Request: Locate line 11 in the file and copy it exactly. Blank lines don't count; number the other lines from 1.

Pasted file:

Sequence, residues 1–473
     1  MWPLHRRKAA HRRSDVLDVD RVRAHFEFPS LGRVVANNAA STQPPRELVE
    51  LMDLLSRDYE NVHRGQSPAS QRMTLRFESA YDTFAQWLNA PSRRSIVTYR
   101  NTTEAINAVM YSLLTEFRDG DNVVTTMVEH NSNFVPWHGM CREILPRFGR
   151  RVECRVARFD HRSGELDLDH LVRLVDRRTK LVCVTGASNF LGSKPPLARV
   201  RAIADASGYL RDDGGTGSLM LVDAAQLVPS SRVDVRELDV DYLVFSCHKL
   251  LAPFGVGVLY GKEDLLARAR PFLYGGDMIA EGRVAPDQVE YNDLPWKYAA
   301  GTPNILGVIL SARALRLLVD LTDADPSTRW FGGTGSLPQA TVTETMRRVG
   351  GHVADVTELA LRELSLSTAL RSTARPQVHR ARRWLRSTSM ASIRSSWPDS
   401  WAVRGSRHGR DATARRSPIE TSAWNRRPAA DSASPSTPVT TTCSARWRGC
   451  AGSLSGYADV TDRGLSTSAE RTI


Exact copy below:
   451  AGSLSGYADV TDRGLSTSAE RTI